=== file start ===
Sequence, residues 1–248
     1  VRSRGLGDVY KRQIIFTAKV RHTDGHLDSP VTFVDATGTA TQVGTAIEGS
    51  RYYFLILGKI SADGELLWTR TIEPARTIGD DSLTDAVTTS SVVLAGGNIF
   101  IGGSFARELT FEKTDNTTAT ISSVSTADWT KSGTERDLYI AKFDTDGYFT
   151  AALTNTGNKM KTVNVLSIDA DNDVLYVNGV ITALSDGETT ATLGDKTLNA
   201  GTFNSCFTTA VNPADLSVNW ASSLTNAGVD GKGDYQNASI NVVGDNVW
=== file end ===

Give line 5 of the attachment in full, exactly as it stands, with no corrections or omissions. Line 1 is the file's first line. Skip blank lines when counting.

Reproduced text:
   151  AALTNTGNKM KTVNVLSIDA DNDVLYVNGV ITALSDGETT ATLGDKTLNA